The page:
WAIT! WHAT? Don’t fail to read the Comments below this article. After a few weeks, I’ve changed my opinion on these files!

An unbiased review of nut file sets is what I needed last month when I was shopping for a nut file set for my son, Dave, who is just getting into guitar repairs and setups.

I was intrigued by the MusicNomad set with sixteen files of every size from 0.010″ to 0.130″, but several customer reviews said the files wore out very quickly, even after just one or two jobs! So I bought Dave the same Stewmac nut file set that I’ve been using for nearly ten years, now priced at about $125.

True, they don’t cut as fast as they used to, though they still get the job done after over a thousand nut file jobs! And they come with some “cons”, which I’ll get into shortly, but nearly everything is a compromise of some sort.

Did those customer reviews reflect the opinion of experienced guitar techs, or hobbyists who may not realize that different nut materials are harder to file than others? I guess I’ll find out, in time.

So how did I happen to buy the Music Nomad nut file set that costs twice as much as the Stewmac nut files? Until recently, I’ve tried to stay clear of acoustic guitar work. I work from home and it’s just over one thousand square feet in total area. You can store two electric guitars in the space that one acoustic guitar takes, so it was a no-brainer for me to avoid acoustics.

When I did get the occasional acoustic guitar, I’d just double-up nut files to get the width needed, then come back with the next smaller size to round out the bottom of the nut slot.

Hank’s “Guard Dog”!

Well, “Nuts to that!”, I said yesterday, and ordered the MusicNomad nut file set from Amazon. The package appeared on my porch at 4:55am, setting the alarm system off and our guard dog barking viciously. (See photo of guard dog!)

I really appreciate delivery people and the safety and convenience they offer. And I understand it’s a grinding, demanding job with less than spectacular pay… BUT 5am!?!?!?

My Stewmac Nut Files

Paid a hundred bucks and been using them nine years and counting. That’s gotta be over a thousand nuts filed, and they’ve been my go-to nut file set until this morning.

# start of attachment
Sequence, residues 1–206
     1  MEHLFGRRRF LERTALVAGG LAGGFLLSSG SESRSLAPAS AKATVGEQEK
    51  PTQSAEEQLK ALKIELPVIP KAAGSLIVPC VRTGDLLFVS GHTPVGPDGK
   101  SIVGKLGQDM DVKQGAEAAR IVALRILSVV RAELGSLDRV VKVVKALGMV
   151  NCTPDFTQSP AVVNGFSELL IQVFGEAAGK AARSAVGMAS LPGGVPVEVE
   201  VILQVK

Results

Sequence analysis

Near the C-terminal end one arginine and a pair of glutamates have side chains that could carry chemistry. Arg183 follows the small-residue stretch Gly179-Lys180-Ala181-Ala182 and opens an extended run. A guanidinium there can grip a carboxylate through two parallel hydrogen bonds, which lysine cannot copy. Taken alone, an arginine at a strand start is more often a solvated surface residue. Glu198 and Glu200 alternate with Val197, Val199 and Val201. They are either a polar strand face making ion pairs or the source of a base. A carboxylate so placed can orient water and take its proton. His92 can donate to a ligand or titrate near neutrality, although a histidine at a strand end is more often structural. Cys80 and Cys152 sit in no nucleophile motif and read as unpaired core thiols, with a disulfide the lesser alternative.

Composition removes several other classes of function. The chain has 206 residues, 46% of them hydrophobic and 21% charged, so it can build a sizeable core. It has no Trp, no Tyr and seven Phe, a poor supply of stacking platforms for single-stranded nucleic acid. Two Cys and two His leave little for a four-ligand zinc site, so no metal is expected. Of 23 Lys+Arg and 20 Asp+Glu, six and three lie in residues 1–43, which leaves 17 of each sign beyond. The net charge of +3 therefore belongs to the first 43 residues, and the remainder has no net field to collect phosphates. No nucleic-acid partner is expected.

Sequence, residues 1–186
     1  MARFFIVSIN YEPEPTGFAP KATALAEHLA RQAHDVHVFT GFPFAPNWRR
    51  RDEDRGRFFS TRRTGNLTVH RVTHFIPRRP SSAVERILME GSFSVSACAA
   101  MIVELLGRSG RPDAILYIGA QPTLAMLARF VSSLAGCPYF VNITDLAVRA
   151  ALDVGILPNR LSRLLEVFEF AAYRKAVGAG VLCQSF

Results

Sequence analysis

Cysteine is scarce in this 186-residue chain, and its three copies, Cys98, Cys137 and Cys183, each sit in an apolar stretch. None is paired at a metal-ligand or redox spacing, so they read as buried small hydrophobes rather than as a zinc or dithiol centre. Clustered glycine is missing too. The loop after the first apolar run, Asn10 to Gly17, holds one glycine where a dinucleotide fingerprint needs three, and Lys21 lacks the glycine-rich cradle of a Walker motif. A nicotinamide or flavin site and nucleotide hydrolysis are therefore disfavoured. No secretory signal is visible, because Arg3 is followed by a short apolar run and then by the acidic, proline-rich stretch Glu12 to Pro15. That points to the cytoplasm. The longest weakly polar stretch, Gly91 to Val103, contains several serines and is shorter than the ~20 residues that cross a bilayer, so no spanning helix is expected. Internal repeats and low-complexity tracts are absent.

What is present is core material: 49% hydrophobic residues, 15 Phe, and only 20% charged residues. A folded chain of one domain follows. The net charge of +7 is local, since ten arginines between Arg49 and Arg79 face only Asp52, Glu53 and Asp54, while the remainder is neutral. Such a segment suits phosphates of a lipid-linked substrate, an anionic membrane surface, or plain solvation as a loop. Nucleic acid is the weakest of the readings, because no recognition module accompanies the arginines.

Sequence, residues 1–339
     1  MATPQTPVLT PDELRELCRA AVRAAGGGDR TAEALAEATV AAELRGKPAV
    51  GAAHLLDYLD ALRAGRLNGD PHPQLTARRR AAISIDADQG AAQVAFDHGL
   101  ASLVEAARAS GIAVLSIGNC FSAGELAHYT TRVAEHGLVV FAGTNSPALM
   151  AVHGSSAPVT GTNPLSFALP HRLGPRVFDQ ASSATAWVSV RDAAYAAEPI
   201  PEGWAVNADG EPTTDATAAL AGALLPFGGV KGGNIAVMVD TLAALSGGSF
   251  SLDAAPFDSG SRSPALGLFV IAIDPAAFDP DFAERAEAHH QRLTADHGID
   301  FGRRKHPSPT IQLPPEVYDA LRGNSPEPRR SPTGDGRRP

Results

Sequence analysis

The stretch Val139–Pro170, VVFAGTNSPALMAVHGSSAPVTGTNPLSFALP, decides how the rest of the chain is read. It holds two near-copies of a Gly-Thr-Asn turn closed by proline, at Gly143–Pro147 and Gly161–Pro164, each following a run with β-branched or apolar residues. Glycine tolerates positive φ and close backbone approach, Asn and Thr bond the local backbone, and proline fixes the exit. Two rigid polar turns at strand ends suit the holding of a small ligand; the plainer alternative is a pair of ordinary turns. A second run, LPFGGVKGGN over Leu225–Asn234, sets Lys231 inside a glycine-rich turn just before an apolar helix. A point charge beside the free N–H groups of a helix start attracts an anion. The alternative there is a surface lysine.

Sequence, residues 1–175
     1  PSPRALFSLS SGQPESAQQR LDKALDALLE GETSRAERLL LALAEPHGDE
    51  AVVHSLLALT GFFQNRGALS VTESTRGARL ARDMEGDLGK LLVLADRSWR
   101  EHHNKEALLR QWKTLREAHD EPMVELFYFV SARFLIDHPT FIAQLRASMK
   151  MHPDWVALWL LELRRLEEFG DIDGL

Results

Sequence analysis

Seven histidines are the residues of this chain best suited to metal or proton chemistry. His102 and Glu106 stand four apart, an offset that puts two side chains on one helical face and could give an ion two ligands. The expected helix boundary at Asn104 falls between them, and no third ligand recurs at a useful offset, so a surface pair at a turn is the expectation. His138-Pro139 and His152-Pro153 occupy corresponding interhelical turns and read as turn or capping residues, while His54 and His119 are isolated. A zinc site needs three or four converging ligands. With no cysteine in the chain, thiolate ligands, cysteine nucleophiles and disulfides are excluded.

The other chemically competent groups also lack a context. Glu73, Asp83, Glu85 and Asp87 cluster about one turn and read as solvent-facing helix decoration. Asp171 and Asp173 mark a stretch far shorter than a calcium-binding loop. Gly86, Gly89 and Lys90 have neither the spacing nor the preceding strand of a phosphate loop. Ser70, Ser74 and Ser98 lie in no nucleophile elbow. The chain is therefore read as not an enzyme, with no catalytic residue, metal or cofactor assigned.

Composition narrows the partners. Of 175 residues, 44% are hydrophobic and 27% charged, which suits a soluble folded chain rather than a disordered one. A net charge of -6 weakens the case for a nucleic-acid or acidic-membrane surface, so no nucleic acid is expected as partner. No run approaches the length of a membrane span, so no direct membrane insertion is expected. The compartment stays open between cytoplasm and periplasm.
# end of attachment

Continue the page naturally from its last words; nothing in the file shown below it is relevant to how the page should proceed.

The Good:

Long-lasting – The fact that they’ve lasted all these years, says a lot. And they’re covered under Stewmac’s lifetime warranty.

The Bad:

Sharp corners of nut file can scratch headstocks!

Size Range – It’s the set for “Light Strings” (0.010″, 0.013″, 0.016″, 0.024″, 0.032″, and 0.042″), meaning I have to double up a 32 and a 16 for low-E 10-gauge string sets, or use a welding tip cleaning file to widen slots after filing for depth. Filing nut slots for acoustic guitars is a PIA. And I had to buy a separate set for bass guitars.

Costs – Stewmac sells nut file sets in three sizes for guitar – Light, Medium and Heavy and your choice of four or five string nut files for bass. I’d have to buy four Stewmac nut file sets, spending nearly five hundred dollars to cover the spectrum that one Music Nomad nut file set covers at half the price.

My 3d-printed storage box

Damage Control – Stewmac nut files can easily damage the finish on a headstock. Painters tape is insufficient protection since files go through tape like Joey Chestnut goes through hot dogs! Nut slots should be filed at a downward angle from the nut to where the string meets the tuner post, meaning that your file is always aiming at the headstock. I’ve had to use plastic, like cut-up string gauge or old credit cards to protect headstocks from Stewmac nut files.

Wet Noodle – The 0.010″ nut file is especially wobbly and will easily break if you don’t support it. Forward strokes can feel like you’re trying to push a string.

Storage – Files, especially delicate files, should be properly stored, but my Stewmac nut files didn’t come with any storage solutions, so I made a section for them in a tool rack I 3d printed. (See photo)

MusicNomad nut file set and case

Music Nomad Nut Files

The Good:

Fast – Maybe it’s just because they’re new, but these files cut much faster than my old SM nut files. I think this makes it easier to guess how many more strokes you should take before re-measuring, thus preventing “oopsies”.

Size Range – This set of sixteen nut files covers everything I think I’m ever going to need. Well, ok…there’s still one instrument I’ll have to double-up files for, but maybe that’s why they call it a “double-bass”!

Costs – At $240, it’s a lot cheaper than buying the four Stewmac nut files sets I’d need to cover the same range.

Damage Control – MusicNomad nut files have rounded, plastic handles that prevent scratching headstocks, though this does cause another problem which I’ll cover in “The Bad”.

Nut Files on Viagra – The plastic handles of the MusicNomad nut file set, support the file at both ends, keeping them rigid. This is especially helpful on the thinner files.

Storage – Lots of guitar tools come in storage cases that are about as useful as a whammy bar on a tuba! But this MusicNomad soft case is one I’ll actually use. It doesn’t take up unnecessary room and it’s quick and easy to open and access any file I might need.

The Bad:

When I’m filing nut slots, I’ll usually move the current string over to an adjacent slot so I can accurately follow the angle to its tuner post when I’m filing. But these plastic file holders/handles are a bit too thick to do that without hitting the string and deflecting the file unless I take shorter strokes. I can work around it, but it’s a bit annoying.


You can probably tell by now that I’m pretty impressed with the Nomad nut file set. Only time will tell if they’ll last like the Stewmac nut files, but Amazon sells replacement MN files at $16 apiece, so if a couple of the thinner files get worn in the next two or three years, it won’t be a deal-killer.

Let’s hear your comments and questions…